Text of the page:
'We are mothers, wives and daughters, and we deserve to feel safe wherever we go.' Those are Rana Elasmar's words. Last week she was with friends in a cafe in Sydney when a man approached their table. He shouted racist vitriol at her, punched her and then stomped on her head. She was the target of racist violence, as so many other Muslim women have been. The footage of the attack is absolutely sickening. Even those who do not know what it is to live life in constant, lingering fear of racist violence and abuse could not be unmoved by the brutal inhumanity of the attacker's hate. I do thank the bystanders who had the courage to intervene.
Just last week, research found that the percentage of Islamophobic attacks requiring hospitalisations has jumped from two per cent to five per cent since 2017. The Islamophobia in Australia report from Charles Sturt University found most incidents of racism towards Muslims involved the targeting of women. We should be able to go about our lives free from violence, harassment and intimidation, but we can't, because attacks on women like Rana, and the pervasive hatred that fuels them, persist and are getting worse.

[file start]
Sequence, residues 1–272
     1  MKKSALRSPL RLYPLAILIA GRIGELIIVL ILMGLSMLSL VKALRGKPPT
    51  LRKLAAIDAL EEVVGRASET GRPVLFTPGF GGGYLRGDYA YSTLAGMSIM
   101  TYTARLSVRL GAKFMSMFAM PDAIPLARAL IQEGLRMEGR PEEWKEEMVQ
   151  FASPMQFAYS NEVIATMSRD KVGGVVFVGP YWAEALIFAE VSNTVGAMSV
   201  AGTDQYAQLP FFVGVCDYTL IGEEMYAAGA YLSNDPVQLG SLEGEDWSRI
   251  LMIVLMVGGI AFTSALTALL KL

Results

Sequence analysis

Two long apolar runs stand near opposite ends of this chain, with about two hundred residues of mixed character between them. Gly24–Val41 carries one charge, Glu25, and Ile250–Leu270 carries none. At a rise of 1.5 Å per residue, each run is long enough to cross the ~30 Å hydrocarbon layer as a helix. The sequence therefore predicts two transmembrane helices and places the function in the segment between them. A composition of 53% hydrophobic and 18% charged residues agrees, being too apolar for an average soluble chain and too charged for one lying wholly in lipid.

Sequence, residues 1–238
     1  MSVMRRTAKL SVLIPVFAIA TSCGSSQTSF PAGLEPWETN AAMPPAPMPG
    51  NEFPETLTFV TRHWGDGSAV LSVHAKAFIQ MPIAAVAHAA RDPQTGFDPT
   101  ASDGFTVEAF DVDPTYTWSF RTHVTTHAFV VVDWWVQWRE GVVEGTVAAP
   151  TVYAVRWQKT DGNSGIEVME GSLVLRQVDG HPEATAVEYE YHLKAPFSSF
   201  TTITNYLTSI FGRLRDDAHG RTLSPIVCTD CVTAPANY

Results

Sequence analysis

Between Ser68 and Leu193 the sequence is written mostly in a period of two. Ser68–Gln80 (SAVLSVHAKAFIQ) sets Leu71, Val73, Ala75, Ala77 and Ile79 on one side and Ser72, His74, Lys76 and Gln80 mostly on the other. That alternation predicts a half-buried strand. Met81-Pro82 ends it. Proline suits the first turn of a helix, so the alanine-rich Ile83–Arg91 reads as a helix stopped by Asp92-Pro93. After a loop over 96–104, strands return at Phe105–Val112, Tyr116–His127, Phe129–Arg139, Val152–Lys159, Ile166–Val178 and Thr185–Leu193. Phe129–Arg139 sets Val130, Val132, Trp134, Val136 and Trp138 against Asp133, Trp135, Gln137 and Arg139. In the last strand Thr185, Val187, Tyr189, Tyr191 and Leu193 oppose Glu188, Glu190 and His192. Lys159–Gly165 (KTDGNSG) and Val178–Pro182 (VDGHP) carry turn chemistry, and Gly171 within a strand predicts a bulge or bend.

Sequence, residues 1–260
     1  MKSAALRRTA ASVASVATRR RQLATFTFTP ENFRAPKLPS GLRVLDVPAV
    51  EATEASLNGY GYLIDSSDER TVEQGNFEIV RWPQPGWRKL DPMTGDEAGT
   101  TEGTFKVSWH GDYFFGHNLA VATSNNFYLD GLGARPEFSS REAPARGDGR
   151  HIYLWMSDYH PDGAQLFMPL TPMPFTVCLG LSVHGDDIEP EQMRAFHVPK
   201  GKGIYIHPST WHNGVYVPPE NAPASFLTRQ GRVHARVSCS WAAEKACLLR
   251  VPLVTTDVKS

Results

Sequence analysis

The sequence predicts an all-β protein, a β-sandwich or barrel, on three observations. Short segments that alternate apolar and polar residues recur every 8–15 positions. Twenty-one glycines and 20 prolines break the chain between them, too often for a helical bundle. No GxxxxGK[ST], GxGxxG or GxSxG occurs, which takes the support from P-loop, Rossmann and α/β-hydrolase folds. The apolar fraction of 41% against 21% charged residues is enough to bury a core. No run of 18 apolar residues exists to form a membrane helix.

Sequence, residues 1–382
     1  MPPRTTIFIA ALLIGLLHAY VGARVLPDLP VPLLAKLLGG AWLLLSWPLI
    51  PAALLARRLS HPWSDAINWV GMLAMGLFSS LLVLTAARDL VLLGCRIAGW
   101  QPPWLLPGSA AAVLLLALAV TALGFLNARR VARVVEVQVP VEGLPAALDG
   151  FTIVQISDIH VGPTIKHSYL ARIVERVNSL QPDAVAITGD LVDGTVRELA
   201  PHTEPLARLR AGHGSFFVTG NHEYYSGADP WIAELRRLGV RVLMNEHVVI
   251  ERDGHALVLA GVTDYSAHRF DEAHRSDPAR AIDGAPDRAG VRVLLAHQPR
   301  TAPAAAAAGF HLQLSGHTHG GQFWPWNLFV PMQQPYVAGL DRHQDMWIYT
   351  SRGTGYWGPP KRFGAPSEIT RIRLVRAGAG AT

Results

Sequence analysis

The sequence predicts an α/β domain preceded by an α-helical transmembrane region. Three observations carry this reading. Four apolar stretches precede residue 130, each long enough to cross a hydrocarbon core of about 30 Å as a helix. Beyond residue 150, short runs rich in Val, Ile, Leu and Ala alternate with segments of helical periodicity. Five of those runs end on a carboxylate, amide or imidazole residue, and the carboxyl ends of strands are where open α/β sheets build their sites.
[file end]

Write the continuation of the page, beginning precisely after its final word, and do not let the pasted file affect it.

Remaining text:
On this International Day for the Elimination of Violence against Women, we remember every woman whose life has been marred by violence. We say plainly that society remains bound by patriarchy and women remain subjected to the violence perpetrated by men. One in three women and girls experience physical or sexual violence in their lifetime. One in two women killed worldwide are killed by their partners or family. All women, whether they have experienced violence or not, live under its threat. We have no choice but to feel the myriad ways in which our lives are forcibly shaped by it.
Today we mourn the 50 women in Australia, so far this year, who have died due to violence, and we acknowledge the Counting Dead Women Australia researchers of Destroy The Joint, who do this heartbreaking and difficult work. Too often their stories go untold. Too often their names are forgotten, lost in the media cycle and in an indifferent world numb to the lives behind the fleeting headlines. To end violence against women we must address its root structural causes. We must dismantle the systemic gender power imbalances and the social, emotional and economic inequalities that result. Otherwise, the untold heartache and sorrow of women being killed will continue. We have a right to be safe, we have a right to live and we have the right to be equal.